Once accepted, a trained interviewer questioned participants on tooth hypersensitivity, toothbrushing habits and acidic intake using an adapted version of a previously validated questionnaire . Dentine hypersensitivity was measured with a single question (yes/no) and used as the outcome measure for this study. Toothbrushing habits referred to the daily frequency of brushing (once a day or less often, twice a day and 3 or more times a day) type of toothbrush used (powered, soft, medium and hard manual), use of desensitising toothpaste and brushing within 10 min of consuming something acidic. Dietary habits referred to daily frequency intake of acid fruits (apples, citrus, grapes, berries and any other fruit) and acidic drinks (carbonated drinks, fruit drinks, any other acidic drinks e.g. fruit teas, wine) with meals and between meals, the duration of each dietary acid intake (<5, 5–10 and >10 min), and any drinking habits prior to swallowing (such as sipping, swishing or holding the drink in the mouth). On average, questionnaires were completed between 5 and 10 min.

Materials and methods

This study is based on secondary analysis of previously collected data, a full description of which is presented in O’Toole et al., 2017 . Briefly, 600 adults aged 18 years or older (300 cases with severe erosive tooth wear and 300 controls frequency-matched by age) were recruited from restorative clinics of Guy’s Hospital, King’s College London Dental Institute (Research Ethics Committee Reference 14/WS/0015, Clinical Trials Identifier number NCT02449434) between the period May 2014 and March 2016. Participants had a minimum of 10 teeth in each jaw with no missing anterior teeth, anterior crowns, bridges, active caries or periodontal disease and were diagnosed by their treating practitioner as having moderate-severe erosive tooth wear or no-mild erosive tooth wear. Those with potential acid sources for intrinsic erosive wear, xerostomia bruxism, pregnancy, involvement in other research or inability to speak or understand in English were excluded. Erosive tooth wear cases were defined as those with a Basic Erosive Wear Examination (BEWE) score of 12 or higher and at least one score of 3 in a sextant (clinically classified as moderate to severe erosive tooth wear), whereas controls were defined as those with a BEWE score of 10 or lower and no score of 3 on any surface of any tooth (clinically classified as no or mild erosive tooth wear).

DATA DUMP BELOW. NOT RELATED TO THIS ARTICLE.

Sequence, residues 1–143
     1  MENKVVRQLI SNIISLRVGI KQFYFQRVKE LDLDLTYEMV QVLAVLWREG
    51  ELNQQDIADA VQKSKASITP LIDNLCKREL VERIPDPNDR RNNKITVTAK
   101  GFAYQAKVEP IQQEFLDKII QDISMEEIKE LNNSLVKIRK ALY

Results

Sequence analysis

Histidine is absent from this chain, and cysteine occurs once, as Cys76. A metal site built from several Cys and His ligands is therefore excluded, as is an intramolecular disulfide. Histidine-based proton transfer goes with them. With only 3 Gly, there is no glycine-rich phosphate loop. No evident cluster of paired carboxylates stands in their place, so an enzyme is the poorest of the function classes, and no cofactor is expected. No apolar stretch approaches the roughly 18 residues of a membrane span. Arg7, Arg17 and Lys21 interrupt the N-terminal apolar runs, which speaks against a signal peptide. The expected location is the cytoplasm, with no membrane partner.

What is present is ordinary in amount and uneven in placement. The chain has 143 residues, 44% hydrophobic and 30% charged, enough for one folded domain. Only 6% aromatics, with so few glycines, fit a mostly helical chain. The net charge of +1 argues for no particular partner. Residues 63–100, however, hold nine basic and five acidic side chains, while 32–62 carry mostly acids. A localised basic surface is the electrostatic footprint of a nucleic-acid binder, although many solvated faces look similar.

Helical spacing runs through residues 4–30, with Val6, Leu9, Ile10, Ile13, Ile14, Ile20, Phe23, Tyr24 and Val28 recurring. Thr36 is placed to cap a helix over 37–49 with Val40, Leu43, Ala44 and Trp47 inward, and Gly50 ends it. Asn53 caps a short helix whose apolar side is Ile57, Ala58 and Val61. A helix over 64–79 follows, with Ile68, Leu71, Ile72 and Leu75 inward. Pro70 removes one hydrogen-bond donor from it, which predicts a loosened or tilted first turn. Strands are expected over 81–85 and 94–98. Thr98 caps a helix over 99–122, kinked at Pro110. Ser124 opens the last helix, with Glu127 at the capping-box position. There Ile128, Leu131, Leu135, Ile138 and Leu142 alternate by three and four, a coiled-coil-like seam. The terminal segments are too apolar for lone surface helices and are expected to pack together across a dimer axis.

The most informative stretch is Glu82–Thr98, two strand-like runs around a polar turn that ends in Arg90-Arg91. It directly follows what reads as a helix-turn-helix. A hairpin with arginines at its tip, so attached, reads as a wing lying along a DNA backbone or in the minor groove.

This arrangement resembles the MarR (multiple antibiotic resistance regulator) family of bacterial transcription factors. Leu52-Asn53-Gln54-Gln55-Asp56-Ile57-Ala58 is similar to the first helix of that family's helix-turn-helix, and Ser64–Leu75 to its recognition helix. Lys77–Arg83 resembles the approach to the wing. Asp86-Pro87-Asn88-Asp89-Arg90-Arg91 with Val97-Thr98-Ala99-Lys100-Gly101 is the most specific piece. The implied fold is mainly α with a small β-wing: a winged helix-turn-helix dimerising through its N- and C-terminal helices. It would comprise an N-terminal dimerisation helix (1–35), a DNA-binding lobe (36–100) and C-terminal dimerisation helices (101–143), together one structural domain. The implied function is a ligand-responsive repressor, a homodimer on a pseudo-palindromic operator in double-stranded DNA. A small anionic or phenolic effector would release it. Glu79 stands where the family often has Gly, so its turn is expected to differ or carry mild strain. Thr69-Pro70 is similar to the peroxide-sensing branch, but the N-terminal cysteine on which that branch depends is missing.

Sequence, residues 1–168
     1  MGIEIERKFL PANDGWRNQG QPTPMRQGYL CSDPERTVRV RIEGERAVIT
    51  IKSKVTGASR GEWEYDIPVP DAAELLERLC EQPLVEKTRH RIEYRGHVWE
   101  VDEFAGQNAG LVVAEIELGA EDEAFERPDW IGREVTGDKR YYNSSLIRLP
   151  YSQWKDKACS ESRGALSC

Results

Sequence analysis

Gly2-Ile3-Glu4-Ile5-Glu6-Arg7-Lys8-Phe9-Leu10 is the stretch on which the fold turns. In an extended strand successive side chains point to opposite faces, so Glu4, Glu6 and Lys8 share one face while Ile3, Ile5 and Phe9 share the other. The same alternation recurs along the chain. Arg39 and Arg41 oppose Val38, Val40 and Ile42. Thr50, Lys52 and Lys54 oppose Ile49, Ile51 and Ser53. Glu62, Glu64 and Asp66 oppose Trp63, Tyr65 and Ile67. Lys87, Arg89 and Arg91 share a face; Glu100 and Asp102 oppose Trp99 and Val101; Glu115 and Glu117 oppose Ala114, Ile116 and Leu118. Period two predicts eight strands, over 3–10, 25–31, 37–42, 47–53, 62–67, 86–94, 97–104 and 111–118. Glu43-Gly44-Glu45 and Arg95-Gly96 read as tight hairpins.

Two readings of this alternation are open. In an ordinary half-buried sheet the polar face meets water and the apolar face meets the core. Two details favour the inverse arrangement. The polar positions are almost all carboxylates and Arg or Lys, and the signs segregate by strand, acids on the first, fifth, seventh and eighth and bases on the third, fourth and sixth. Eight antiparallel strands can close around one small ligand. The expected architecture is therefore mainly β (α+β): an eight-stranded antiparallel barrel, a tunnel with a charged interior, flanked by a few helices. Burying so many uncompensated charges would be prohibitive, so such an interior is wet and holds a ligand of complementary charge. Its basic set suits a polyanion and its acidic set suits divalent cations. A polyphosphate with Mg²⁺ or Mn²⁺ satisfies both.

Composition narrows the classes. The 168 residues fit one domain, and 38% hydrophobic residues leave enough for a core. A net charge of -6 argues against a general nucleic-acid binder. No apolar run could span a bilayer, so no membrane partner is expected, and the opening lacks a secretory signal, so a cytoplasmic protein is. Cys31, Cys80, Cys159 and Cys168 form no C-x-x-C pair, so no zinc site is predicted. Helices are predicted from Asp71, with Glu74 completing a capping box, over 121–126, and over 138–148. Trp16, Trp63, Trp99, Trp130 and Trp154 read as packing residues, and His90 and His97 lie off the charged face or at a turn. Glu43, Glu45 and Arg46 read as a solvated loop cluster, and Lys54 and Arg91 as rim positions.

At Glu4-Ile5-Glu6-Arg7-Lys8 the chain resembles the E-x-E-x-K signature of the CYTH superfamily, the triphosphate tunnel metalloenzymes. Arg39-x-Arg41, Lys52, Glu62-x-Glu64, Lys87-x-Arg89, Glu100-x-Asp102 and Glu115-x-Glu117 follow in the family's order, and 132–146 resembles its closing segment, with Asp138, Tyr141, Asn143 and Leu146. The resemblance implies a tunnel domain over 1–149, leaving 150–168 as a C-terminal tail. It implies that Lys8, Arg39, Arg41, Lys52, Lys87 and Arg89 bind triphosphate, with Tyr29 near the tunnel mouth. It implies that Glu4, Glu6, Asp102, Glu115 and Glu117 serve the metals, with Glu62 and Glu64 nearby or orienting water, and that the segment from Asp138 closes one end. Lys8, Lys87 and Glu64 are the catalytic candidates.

Once accepted, a trained interviewer questioned participants on tooth hypersensitivity, toothbrushing habits and acidic intake using an adapted version of a previously validated questionnaire . Dentine hypersensitivity was measured with a single question (yes/no) and used as the outcome measure for this study. Toothbrushing habits referred to the daily frequency of brushing (once a day or less often, twice a day and 3 or more times a day) type of toothbrush used (powered, soft, medium and hard manual), use of desensitising toothpaste and brushing within 10 min of consuming something acidic. Dietary habits referred to daily frequency intake of acid fruits (apples, citrus, grapes, berries and any other fruit) and acidic drinks (carbonated drinks, fruit drinks, any other acidic drinks e.g. fruit teas, wine) with meals and between meals, the duration of each dietary acid intake (<5, 5–10 and >10 min), and any drinking habits prior to swallowing (such as sipping, swishing or holding the drink in the mouth). On average, questionnaires were completed between 5 and 10 min.

Statistical analysis

We first compared the proportion of patients with self-reported dentine hypersensitivity by demographic (gender and age), clinical (presence of erosive tooth wear) and behavioural characteristics (brushing habits and acidic intake) using the Chi-squared test. The crude and adjusted association between brushing habits and acidic intake with dentine hypersensitivity was assessed using binary logistic regression models using presence/absence of self-reported dentine hypersensitivity as the outcome variable. Odds ratios (OR) were thus reported as the measure of association. The adjusted model controlled for demographic, presence of erosive tooth wear and clinical factors. Significance was inferred at p < 0.05.

Results

The mean age of participants was 44 (SD: 14, range: 18–83), with 313 (52.1%) women and 287 (47.9%) men. Two hundred and seventy-two participants (45.3%) self-reported as having dentine hypersensitivity. Dentine hypersensitivity was significantly more common among women, younger adults and those with severe erosive tooth wear ( Table 1 ).

Table 1
Crude analysis of self-reported dentine hypersensitivity with demographics and tooth brushing habits.
Variable No hypersensitivity Hypersensitivity p value
n = 328 n = 272
n (%) n (%)
Outcome <0.001 *
Severe erosive tooth wear 134 (40.9%) 166 (61.0%)
Mild/Moderate erosive tooth wear 194 (59.1%) 106 (39.0%)
Age 0.001 *
18–25 30 (9.1%) 34 (12.5%)
26–35 66 (20.1%) 68 (25.0%)
36–45 71 (21.6%) 63 (23.2%)
46–55 68 (20.7%) 64 (23.5%)
56–65 53 (16.2%) 35 (12.9%)
66+ 40 (12.2%) 8 (2.9%)
Gender 0.001 *
Female 151 (46%) 162 (59.6%)
Male 177 (54%) 110 (40.4%)
Do they use a de-sensitising toothpaste? <0.001 *
No 252 (76.8%) 97 (35.7%)
Yes 76 (23.2%) 175 (64.3%)
Type of toothbrush 0.012 *
Soft manual tooth brush 18 (5.5%) 36 (13.2%)
Medium manual tooth brush 144 (43.9%) 107 (39.3%)
Hard manual tooth brush 21 (6.4%) 17 (6.3%)
Electric tooth brush 145 (44.2%) 112 (41.2%)
Time spent brushing teeth 0.258
>2min 257 (78.4%) 224 (82.4%)
<2min 71 (21.6%) 48 (17.6%)
Does the patient brush immediately after having something acidic? 0.158
No 253 (77.1%) 196 (72.1%)
Yes 75 (22.9%) 76 (27.9%)
Frequency of daily brushing 0.656
≤1 daily 49 (14.9%) 34 (47.7%)
2/day 257 (78.4%) 221 (81.3%)
3+/day 22 (6.7%) 17 (6.3%)
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Jun 17, 2018 | Posted by in General Dentistry | Comments Off on The relationship between dentine hypersensitivity, dietary acid intake and erosive tooth wear